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Suu Kyi to skip UN session to deal with Rohingya crisis

September 14, 2017
NEW DELHI: Demonstrators shout slogans during a protest against the persecution of Rohingya Muslims in Myanmar as they try to march on Myanmar’s embassy here on Wednesday.—AFP
NEW DELHI: Demonstrators shout slogans during a protest against the persecution of Rohingya Muslims in Myanmar as they try to march on Myanmar’s embassy here on Wednesday.—AFP

YANGON: Myanmar’s national leader Aung San Suu Kyi, facing outrage over violence that has forced about 400,000 Rohingya Muslims to flee to Bangla­desh, cancelled a trip to the upcoming UN General Assembly session because of the crisis, her office said on Wednesday.

The exodus of refugees, sparked by the security forces’ fierce response to a series of Rohingya militant attacks, is the most pressing problem Suu Kyi has faced since becoming leader last year.

Critics have called for her to be stripped of her Nobel peace prize for failing to do more to halt the strife which the UN rights agency said was a “textbook example of ethnic cleansing”.

Aid agencies would have to step up operations “massively” in response to the refugee flow to Bangladesh, a senior UN official said, adding that the $77 million the United Nations had appealed for last week would not be enough.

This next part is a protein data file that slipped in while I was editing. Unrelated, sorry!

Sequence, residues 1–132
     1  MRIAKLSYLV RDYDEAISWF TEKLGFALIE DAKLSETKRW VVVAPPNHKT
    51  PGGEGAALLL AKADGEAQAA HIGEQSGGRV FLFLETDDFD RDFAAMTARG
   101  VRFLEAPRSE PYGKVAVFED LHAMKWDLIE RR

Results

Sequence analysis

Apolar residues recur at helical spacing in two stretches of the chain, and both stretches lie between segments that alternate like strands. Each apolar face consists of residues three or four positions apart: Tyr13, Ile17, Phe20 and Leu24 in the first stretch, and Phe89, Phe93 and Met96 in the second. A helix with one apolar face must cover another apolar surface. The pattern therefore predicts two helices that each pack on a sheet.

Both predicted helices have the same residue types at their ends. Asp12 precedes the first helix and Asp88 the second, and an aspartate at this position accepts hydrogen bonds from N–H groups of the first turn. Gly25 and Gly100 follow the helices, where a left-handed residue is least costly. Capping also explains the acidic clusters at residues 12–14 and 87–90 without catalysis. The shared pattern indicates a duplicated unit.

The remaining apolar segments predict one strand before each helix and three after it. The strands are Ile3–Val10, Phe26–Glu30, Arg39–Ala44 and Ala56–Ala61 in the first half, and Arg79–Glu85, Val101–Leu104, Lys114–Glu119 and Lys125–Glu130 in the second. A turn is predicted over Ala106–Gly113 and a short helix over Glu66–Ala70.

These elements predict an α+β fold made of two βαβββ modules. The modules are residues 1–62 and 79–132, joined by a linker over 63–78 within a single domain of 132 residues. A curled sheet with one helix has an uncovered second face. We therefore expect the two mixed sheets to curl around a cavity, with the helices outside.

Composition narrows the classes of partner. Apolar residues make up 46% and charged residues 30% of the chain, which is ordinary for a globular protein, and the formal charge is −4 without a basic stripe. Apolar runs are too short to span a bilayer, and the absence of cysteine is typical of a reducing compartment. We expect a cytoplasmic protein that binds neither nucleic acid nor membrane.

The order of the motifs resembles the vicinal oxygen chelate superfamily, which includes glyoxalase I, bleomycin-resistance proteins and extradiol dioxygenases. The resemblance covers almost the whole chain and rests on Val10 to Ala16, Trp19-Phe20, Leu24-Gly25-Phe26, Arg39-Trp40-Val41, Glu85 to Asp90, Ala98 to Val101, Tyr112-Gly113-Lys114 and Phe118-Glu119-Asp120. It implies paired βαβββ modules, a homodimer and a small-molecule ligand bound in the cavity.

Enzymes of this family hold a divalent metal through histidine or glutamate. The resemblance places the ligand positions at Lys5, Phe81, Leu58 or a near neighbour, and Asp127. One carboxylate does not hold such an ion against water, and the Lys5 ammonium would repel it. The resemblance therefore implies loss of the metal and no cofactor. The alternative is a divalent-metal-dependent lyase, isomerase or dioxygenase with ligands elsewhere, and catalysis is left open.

But a Bangladeshi border force officer said the number of people crossing into his area had fallen sharply, apparently because everyone had left the districts worst hit by violence.

Suu Kyi, in her first address to the UN General Assembly as leader in Sep­tember last year, defended her government’s efforts to resolve the crisis over treatment of the Muslim minority.

This year, she cancelled her trip to New York because of the security threats posed by the militants and the need to restore stability, Zaw Htay, spokesman for Suu Kyi’s office, told a media briefing.

“She is concentrating on establishing stability,” the spokesman said, adding that preventing any spread of communal violence was a priority and Suu Kyi would address the nation on reconciliation and peace next Tuesday.

International pressure has been growing on Budd­hist-majority Myan­mar to end the violence in the western state of Rakhine that began on Aug 25 when Rohingya militants attacked 30 police posts and an army camp.

The raids triggered a military counteroffensive against the militants, whom the government labels terrorists. Refugees say the offensive is aimed at pushing Rohingya out of Myanmar.

Published in Dawn, September 14th, 2017